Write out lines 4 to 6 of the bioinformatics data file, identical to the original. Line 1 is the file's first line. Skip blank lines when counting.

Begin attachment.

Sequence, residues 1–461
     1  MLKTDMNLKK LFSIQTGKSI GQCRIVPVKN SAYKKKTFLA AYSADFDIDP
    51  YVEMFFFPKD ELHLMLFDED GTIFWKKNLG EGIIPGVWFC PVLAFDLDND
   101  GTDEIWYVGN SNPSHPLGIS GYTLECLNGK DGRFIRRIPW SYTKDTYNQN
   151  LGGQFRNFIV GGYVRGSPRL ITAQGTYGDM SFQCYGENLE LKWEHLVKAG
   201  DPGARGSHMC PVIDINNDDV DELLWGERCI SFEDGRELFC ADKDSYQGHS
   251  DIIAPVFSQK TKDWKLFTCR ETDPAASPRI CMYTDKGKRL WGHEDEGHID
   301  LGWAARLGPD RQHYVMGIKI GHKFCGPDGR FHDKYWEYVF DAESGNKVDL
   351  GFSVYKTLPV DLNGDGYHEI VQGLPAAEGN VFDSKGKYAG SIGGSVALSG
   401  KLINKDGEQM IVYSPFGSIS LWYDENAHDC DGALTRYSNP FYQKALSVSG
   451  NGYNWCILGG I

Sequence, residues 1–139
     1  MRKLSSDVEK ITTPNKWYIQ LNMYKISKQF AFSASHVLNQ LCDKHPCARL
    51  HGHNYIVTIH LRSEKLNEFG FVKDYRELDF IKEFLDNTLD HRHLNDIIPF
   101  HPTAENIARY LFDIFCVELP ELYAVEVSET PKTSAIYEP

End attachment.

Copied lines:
   101  GTDEIWYVGN SNPSHPLGIS GYTLECLNGK DGRFIRRIPW SYTKDTYNQN
   151  LGGQFRNFIV GGYVRGSPRL ITAQGTYGDM SFQCYGENLE LKWEHLVKAG
   201  DPGARGSHMC PVIDINNDDV DELLWGERCI SFEDGRELFC ADKDSYQGHS